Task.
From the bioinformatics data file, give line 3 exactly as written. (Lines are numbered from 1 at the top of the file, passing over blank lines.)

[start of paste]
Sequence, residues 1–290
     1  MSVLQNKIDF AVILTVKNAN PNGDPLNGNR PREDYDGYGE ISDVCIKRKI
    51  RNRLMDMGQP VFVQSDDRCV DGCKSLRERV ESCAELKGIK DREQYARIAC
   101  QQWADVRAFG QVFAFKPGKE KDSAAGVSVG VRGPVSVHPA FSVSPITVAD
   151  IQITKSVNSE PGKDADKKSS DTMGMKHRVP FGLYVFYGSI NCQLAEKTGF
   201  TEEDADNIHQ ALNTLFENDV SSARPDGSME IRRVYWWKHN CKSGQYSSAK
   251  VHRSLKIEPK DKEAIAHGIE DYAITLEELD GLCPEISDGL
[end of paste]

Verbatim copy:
    51  RNRLMDMGQP VFVQSDDRCV DGCKSLRERV ESCAELKGIK DREQYARIAC